Further research will aim at developing AI-assisted video creation through natural language assistants that could help TF1 achieve faster video search and editing while preserving the human creative journey.

What future uses can you see for AI in the media? 

YT: As AI vision-language models are becoming more and more efficient, many new applications of such systems are envisioned for the media sector. AI can especially help accelerate fastidious tasks such as suggesting or retrieving moments within a large video archive based on visual and speech highlights. AI can also be used to suggest new and unexplored editorial angles or original video edits, always with the goal of fostering the creativity of journalists and video editors, enabling them to spend time on what matters, be it a creative or reporting process. 

OP: AI will likely have the most impact at different levels of the media value chain, from production to distribution. On the production side, animated content and VFX might derive value from GenAI in the coming months, not necessarily through 100% AI-generated content at first, but by implementing AI throughout production processes to make them more efficient. In the case of VFX, AI could help generate high-end VFX faster and in a more accessible way than today. On the distribution side, content searchability and personalised user experiences might gain attention (e.g., more efficient content search bars, personalised trailers depending on the user profile, customised advertising, etc.).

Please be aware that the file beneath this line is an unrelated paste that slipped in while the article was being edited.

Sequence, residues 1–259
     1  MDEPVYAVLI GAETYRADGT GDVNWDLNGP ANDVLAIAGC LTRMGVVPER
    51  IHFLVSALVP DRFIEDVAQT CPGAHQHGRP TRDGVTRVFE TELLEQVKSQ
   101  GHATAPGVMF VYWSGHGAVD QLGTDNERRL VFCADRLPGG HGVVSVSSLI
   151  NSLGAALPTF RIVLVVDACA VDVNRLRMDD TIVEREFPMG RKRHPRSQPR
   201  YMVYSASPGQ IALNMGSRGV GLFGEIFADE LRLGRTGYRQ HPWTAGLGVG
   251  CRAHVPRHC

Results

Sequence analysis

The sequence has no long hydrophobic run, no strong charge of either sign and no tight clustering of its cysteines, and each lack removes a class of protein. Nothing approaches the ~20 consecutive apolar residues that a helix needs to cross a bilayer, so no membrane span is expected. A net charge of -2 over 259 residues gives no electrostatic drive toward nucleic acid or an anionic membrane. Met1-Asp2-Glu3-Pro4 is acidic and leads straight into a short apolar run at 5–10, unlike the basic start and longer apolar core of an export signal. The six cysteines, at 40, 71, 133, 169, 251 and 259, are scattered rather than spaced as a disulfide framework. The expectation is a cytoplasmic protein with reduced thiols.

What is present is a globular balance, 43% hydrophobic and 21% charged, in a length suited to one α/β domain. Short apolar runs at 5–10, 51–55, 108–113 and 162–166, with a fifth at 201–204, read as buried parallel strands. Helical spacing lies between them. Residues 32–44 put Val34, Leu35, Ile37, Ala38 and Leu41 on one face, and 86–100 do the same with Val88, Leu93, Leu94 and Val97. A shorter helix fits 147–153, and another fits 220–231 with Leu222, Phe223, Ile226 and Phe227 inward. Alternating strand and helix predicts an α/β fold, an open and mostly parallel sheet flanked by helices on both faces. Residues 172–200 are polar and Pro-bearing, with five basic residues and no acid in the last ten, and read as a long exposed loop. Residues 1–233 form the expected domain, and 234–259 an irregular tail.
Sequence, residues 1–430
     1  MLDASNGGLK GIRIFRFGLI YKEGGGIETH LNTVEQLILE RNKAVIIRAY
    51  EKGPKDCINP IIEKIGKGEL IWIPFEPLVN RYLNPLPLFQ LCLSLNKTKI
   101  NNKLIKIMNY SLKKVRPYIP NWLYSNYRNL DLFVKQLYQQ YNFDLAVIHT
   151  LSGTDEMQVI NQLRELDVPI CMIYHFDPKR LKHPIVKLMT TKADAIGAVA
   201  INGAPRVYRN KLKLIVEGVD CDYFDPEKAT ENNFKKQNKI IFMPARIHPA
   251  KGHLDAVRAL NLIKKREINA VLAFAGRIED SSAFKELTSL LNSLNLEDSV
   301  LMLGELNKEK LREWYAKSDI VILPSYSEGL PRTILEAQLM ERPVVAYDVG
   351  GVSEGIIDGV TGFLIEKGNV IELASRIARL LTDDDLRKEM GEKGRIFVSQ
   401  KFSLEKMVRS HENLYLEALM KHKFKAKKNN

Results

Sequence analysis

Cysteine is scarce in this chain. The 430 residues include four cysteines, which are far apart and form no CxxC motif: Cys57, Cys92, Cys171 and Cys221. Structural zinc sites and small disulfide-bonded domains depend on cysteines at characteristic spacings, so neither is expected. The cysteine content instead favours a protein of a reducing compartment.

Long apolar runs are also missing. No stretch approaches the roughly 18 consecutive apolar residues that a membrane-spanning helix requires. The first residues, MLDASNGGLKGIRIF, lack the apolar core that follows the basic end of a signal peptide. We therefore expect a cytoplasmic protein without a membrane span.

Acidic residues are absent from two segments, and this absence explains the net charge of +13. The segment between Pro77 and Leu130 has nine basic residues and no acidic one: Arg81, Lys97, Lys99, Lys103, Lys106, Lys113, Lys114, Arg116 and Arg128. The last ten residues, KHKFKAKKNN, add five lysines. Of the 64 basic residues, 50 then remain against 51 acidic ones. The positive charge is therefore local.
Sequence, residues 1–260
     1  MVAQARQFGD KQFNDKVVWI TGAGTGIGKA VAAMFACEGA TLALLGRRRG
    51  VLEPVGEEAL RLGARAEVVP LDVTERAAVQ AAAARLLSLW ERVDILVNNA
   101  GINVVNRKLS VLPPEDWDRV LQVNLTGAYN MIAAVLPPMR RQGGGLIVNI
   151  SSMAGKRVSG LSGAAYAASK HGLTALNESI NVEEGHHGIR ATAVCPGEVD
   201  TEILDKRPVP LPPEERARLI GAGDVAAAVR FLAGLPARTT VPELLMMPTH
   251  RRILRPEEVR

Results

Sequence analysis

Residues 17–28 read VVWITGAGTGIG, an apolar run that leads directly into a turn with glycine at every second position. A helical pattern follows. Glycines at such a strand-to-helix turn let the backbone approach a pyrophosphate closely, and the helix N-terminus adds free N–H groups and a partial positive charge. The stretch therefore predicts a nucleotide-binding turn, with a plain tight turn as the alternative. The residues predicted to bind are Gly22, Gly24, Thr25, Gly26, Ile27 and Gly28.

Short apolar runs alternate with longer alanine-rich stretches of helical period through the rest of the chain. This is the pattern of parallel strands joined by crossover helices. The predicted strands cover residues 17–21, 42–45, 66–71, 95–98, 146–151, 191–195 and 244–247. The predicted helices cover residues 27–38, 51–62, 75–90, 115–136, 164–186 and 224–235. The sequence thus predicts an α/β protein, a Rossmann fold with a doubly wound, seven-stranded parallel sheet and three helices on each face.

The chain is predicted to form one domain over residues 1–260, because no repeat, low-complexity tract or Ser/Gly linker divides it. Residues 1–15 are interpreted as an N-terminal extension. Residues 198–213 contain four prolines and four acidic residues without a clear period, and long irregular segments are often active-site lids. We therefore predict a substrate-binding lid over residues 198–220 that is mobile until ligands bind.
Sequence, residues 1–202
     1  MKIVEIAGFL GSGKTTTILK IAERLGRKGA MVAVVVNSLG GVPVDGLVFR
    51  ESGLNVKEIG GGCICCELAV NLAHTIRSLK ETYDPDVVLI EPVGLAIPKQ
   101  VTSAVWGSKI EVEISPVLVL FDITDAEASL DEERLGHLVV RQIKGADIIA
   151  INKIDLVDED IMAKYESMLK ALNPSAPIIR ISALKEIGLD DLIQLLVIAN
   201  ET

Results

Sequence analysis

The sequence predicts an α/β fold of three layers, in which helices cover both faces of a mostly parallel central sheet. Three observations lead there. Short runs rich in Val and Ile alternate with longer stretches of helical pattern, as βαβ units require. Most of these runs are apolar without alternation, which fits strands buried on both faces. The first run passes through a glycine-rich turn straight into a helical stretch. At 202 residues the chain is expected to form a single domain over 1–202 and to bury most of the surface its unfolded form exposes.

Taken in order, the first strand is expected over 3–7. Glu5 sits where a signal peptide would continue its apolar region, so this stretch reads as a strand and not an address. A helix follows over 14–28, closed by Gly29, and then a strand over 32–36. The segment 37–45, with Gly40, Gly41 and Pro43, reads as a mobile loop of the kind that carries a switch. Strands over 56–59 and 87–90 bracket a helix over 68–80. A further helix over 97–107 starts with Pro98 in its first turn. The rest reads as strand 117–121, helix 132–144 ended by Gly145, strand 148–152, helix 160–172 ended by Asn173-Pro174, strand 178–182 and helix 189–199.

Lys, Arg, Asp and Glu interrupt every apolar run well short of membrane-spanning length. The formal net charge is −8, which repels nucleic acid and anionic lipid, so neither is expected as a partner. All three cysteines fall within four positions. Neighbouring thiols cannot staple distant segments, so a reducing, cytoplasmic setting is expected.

Originally Appeared Here